US8694998B2 - Cancellable command application programming interface (API) framework - Google Patents

Cancellable command application programming interface (API) framework Download PDF

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US8694998B2
US8694998B2 US13/220,455 US201113220455A US8694998B2 US 8694998 B2 US8694998 B2 US 8694998B2 US 201113220455 A US201113220455 A US 201113220455A US 8694998 B2 US8694998 B2 US 8694998B2
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command
cancellable
task
api
function
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Arye Gittelman
Petru Mihai Moldovanu
Sterling John Crockett
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Microsoft Technology Licensing LLC
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    • GPHYSICS
    • G06COMPUTING; CALCULATING; COUNTING
    • G06FELECTRIC DIGITAL DATA PROCESSING
    • G06F9/00Arrangements for program control, e.g. control units
    • G06F9/06Arrangements for program control, e.g. control units using stored programs, i.e. using an internal store of processing equipment to receive or retain programs
    • G06F9/46Multiprogramming arrangements
    • G06F9/48Program initiating; Program switching, e.g. by interrupt
    • G06F9/4806Task transfer initiation or dispatching
    • GPHYSICS
    • G06COMPUTING; CALCULATING; COUNTING
    • G06FELECTRIC DIGITAL DATA PROCESSING
    • G06F9/00Arrangements for program control, e.g. control units
    • G06F9/06Arrangements for program control, e.g. control units using stored programs, i.e. using an internal store of processing equipment to receive or retain programs
    • G06F9/46Multiprogramming arrangements
    • G06F9/48Program initiating; Program switching, e.g. by interrupt
    • G06F9/4806Task transfer initiation or dispatching
    • G06F9/4843Task transfer initiation or dispatching by program, e.g. task dispatcher, supervisor, operating system
    • G06F9/485Task life-cycle, e.g. stopping, restarting, resuming execution

Abstract

Embodiments are provided that include the use of a cancellable command application programming interface (API) framework that provides cooperative multitasking for synchronous and asynchronous operations based in part on a command timing sequence and a cancellable command API definition. A method of an embodiment enables a user or programmer to use a cancellable command API definition as part of implementing a responsive application interface using a command timing sequence to control execution of active tasks. A cancellable command API framework of an embodiment includes a command block including a command function, a task engine to monitor the command function, and a timer component to control execution of asynchronous and synchronous tasks based in part on first and second control timing intervals associated with a command timing sequence. Other embodiments are also disclosed.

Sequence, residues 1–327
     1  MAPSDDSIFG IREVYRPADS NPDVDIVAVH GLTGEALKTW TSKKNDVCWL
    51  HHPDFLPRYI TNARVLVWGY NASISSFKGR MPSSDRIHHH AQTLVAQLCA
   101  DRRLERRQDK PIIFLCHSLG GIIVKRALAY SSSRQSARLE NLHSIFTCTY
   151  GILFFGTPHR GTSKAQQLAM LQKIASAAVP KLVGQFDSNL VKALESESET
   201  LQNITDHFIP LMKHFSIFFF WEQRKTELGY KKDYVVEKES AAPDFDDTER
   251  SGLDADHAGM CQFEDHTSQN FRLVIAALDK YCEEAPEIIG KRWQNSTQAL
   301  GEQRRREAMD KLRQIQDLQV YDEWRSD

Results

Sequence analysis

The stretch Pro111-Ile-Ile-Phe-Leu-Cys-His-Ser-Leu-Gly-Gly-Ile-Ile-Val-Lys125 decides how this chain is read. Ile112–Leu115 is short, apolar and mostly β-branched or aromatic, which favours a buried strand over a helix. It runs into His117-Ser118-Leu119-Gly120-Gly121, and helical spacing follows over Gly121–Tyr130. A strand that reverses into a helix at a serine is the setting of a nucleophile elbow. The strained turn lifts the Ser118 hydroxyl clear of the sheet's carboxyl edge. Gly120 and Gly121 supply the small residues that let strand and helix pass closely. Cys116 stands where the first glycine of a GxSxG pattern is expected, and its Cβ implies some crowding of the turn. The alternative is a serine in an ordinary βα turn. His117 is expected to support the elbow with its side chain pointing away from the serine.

Description

REFERENCE TO COMPUTER PROGRAM LISTING APPENDIX

Submitted concurrently herewith via the USPTO electronic filing system (EFS) is a computer program listing that includes four ASCII text files which are incorporated by reference in their entirety. The four ASCII text files include (NAME CREATION DATE SIZE (KB)): CCAPIdefexam.txt Feb. 10, 2014 2.52 KB; CCAPIutility.txt Feb. 10, 2014 21.8 KB; CCAPIuseexam.txt Feb. 10, 2014 2.46 KB; CCAPIJS.txt Feb. 10, 2014 16.4 KB.

BACKGROUND

Web browsers provide an important programming platform today, and there are a number of popular browser applications available for both handheld and desktop use. The browser framework relies on asynchronous client and server operations, along with synchronous client-side operations. As a result, purely client-side operations can operate to block a user-interface (UI) operation, which results in an apparently “hung” browser, unresponsive to the user. However, while users are comfortable with a browser's asynchronous page navigation model, the apparently non-responsive browser behaviors can detract from the user experience, resulting in users gravitating to different browser applications. Users are more likely to gravitate and use a browser application that provides a customizable, controllable, and responsive user experience.

SUMMARY

This summary is provided to introduce a selection of concepts in a simplified form that are further described below in the Detailed Description. This summary is not intended to identify key features or essential features of the claimed subject matter, nor is it intended as an aid in determining the scope of the claimed subject matter.